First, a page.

Radical Recreation: Boards and bats

Arielle Neithercoat performs an FS boardslide at a terrain park in Alaska. Photo credit: Arielle Neithercoat

Once winter hits, many can’t wait to hit the slopes on their skis or snowboard. Freeriding down the mountain can give a feeling unlike any other, but for Arielle Neithercoat, biology major, locking into a rail on her snowboard gives her the ultimate bliss. Neithercoat has been snowboarding for 18 years and around the age of 12 she gained the courage to hit her first box at Hilltop Ski Area and has been hooked ever since.

“I just love how it makes me feel, I love that I don’t have to think about anything else when I’m snowboarding and when I get on a feature and lock in and it feels amazing,” Neithercoat said.

After carving down the mountain repetitively, Neithercoat grew bored with the idea of snowboarding the same lines, which influenced her to experiment.

“At some point, I guess I just got bored of groomers and wanted to try something more,” Neithercoat said. “I’m not sure really, maybe I was just trying to scare the crap out of my parents. My mom still hates the idea of me throwing myself at metal objects.”

Although Neithercoat has jibbed many terrain parks and street spots, she appreciates originality when it comes to snowboard features and tricks.

“Favorite obstacle? I’m a simple girl really, there’s nothing like a nice long mellow down bar to get me all giddy,” Neithercoat said. “Favorite trick hands down will always be a solid between the feet front board. I will do those all day, every day on every hit in the park, and be happy as a clam.”

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Neithercoat’s love for snowboarding is not the only thing that has grown over the years, but her love for the people it has exposed her to. While gaining meaningful relationships, snowboarding has also been a stress reliever.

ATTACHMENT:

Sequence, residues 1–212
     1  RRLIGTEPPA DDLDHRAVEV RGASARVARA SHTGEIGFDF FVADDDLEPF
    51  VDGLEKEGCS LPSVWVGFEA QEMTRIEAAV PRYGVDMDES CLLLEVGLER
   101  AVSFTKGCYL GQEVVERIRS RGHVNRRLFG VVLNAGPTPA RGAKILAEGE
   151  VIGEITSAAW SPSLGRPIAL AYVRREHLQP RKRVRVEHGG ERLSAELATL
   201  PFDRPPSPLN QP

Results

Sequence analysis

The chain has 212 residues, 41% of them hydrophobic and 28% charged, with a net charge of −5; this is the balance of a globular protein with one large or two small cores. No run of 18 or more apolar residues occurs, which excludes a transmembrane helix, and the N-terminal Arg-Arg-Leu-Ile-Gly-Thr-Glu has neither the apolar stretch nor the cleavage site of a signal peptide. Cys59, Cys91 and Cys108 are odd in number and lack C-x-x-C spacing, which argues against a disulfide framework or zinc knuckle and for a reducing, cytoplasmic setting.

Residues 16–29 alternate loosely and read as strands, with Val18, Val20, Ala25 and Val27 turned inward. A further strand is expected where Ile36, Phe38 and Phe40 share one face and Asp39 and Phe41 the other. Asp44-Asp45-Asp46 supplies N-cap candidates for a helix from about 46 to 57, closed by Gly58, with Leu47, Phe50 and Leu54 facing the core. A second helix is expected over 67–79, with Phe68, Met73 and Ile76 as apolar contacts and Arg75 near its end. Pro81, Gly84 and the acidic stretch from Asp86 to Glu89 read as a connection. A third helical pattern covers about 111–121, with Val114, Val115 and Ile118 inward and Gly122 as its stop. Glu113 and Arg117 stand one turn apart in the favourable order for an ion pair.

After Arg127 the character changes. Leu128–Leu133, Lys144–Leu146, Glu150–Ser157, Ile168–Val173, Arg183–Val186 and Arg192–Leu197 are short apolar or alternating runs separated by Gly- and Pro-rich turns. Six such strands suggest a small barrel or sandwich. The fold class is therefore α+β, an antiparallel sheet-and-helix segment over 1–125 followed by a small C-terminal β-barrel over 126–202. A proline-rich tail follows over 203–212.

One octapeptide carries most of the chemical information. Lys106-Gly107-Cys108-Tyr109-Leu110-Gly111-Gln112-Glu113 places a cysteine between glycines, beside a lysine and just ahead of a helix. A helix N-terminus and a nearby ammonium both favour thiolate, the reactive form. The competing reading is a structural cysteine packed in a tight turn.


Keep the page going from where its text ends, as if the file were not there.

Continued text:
“I love the people it’s [snowboarding] introduced me to over the years, I’ve met a lot of really interesting people, and made some top notch friends,” Neithercoat said. “I met my boyfriend of seven and a half years from snowboarding at hilltop when we were tweens. I love the direction it took me in life, I think it helped me gain confidence, and it’s a good outlet for stress because when I’m snowboarding, that’s all I’m thinking about.”

Hitting the terrain park can be nerve-racking, Neithercoat encourages girls wanting to experiment with snowboard obstacles to go for it and embrace and learn from falling.

“For girls wanting to learn to jib, you have to just be prepared to fall and fall a lot, it’s inevitable. You’re not going to get good unless you just keep on getting back up. Learning to jib is scary as hell, I know, it still scares me, but it’s totally worth it,” Neithercoat said.”

Besides work, school and snowboarding, Neithercoat is working on exciting research that will allow her to present her findings and travel in the near future.

“I do bat research here at UAA, so I go out in the summer and catch bats and we take data on them. I left some data loggers over in the Copper River area and I just picked those up and right now I’m doing the data analysis on them,” Neithercoat said. “I head to Madagascar in a couple months to work on lemur research in the jungle over there.”

Neithercoat is looking forward to her trip to Madagascar doing lemur research, which is similar to her plans after college.

“I plan on being a primatologist and living in the jungle with lemurs once I’m finally done with school. In the meantime, I’m probably just going to keep on snowboarding, and see where it goes,” Neithercoat said.

Like many snowboarders, Neithercoat plans on snowboarding until her body gives out. Look out for any snowboard video parts and research conducted on bats by Neithercoat in the near future.